HR Is Not Protecting Your Private Information

 
 
By Donald Sears  |  Posted 2009-06-10 Email Print this article Print
 
 
 
 
 
 
 

That's right, Rockwell, Michael Jackson and the Geico "Money That You Could Be Saving": You do, in fact, always feel like someone is watching you and your private information at work.

You're not paranoid. Your fellow employees--to the tune of 35 percent--have admitted to ignoring security policies and looking at your salary information, your medical history and more, with some going so far as to even swipe the CEO's info and lots of sensitive corporate data, according to info from a Cyber-Ark Software survey.

From the article:

When IT professionals were asked what kind of data they would take with them if fired, the survey found a jump compared with a year ago in the number of respondents who said they would take proprietary data and information that is critical to maintaining competitive advantage and corporate security.

The survey found a sixfold increase in staff who would take financial reports or merger and acquisition plans, and a fourfold increase in those who would take CEO passwords and research and development plans.

It's obviously in the best interest of security companies to post articles and reports about how broken internal security is for corporations--helps them sell products, gain credibility and sound like experts (and they may be). But that doesn't necessarily discount the levels to which employees will go to snoop on each other, executives and company secrets.

From an employee-to-employee perspective, it's no easy thing to swallow that your colleagues are digging into your personal, confidential information--information protected by law--that has no business being invaded.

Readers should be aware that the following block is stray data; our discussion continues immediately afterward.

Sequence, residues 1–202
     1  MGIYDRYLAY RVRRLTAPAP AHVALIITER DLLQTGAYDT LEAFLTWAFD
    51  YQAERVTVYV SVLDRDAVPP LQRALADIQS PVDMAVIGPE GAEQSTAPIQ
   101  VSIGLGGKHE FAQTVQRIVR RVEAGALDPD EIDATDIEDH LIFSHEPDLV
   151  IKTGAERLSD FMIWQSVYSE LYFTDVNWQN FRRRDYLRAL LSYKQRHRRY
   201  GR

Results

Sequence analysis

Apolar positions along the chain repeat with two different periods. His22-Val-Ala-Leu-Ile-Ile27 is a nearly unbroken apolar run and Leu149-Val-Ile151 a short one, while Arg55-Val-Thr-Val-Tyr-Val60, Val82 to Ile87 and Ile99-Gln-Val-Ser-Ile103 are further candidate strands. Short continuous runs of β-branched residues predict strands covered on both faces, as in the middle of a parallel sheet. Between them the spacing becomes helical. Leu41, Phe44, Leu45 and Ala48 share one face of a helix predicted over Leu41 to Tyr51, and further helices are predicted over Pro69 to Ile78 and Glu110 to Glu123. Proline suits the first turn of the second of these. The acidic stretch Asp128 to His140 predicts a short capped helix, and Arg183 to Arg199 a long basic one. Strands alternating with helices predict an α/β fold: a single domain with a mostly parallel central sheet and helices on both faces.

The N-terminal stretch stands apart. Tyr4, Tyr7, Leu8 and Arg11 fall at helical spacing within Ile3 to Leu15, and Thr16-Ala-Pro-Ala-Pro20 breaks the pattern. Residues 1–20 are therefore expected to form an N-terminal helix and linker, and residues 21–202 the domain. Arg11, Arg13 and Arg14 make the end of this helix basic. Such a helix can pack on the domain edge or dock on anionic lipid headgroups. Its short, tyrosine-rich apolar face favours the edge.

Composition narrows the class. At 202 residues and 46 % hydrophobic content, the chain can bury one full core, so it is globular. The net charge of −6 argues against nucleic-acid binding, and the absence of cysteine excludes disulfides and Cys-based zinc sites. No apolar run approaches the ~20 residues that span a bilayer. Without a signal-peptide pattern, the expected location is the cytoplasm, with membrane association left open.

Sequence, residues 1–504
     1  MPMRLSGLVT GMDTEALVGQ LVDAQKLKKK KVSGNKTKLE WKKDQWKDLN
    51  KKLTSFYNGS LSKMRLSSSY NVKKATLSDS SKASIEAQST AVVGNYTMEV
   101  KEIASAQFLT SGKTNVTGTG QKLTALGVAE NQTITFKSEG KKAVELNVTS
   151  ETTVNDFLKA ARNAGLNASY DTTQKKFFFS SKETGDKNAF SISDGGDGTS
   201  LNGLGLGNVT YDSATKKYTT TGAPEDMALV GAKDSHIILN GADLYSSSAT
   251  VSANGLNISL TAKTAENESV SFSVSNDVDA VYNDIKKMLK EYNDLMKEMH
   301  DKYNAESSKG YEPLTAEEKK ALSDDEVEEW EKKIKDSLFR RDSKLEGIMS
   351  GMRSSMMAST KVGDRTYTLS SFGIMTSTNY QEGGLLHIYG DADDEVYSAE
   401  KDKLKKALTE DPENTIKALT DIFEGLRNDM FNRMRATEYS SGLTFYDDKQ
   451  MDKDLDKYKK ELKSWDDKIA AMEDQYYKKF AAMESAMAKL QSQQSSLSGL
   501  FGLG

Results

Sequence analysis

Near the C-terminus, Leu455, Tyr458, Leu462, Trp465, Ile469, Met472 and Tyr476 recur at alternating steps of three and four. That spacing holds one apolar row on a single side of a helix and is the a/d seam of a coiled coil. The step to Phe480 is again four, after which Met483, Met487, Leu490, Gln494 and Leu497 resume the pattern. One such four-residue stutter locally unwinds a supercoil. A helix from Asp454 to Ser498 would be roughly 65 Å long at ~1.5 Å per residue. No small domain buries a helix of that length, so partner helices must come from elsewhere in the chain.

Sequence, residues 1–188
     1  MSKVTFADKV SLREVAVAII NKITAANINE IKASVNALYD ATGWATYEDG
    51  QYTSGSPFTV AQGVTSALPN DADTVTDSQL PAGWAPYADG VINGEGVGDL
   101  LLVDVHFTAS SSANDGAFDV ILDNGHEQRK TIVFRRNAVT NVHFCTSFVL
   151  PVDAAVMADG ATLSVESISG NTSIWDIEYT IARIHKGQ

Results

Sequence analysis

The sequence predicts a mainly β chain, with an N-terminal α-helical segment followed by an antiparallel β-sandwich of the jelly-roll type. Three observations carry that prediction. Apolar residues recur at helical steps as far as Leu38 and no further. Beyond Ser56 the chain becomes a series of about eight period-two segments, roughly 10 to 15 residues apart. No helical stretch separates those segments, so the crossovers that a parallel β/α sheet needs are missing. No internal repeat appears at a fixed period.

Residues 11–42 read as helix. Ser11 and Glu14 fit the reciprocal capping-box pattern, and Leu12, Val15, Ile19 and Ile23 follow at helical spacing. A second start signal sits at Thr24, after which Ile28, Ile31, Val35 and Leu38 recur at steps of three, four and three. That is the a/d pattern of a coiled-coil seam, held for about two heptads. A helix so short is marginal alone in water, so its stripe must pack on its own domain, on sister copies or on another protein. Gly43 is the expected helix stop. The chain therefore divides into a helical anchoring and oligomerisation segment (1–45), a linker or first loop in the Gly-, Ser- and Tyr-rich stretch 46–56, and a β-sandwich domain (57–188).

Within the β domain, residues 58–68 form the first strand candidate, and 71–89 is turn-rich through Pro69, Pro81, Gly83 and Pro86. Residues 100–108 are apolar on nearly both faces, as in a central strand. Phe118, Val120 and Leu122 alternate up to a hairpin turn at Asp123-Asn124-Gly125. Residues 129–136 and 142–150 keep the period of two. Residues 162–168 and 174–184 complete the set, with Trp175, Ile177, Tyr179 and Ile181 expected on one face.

It speaks to the larger issue of privacy in a technological age that has a tendency to open private information, willingly and unwillingly. As Harvard Business School Professor Rosabeth Moss Kantor blogged recently in her post, Don't Read This, It's Private

I think personal privacy could become not just a problem but a business opportunity - a technology frontier. Clever innovators will find new ways to block access or screen contacts or make people invisible. Now that our pictures can be snapped by cell phones, someone will invent a way to beam the light back on that phone if you don't want to be in a photo. Suddenly privacy could become as cool to the kids as lack of it is now.

But the criminal acts going on in the workplace with your private information are more egregious compared with those affecting those who choose to make themselves and their information easily accessible in the always-connected, socially networked world we and our professional and not-so-professional personas play in online.

For private information kept on record at work, companies have some very real self-policing to do.

 
 
 
 
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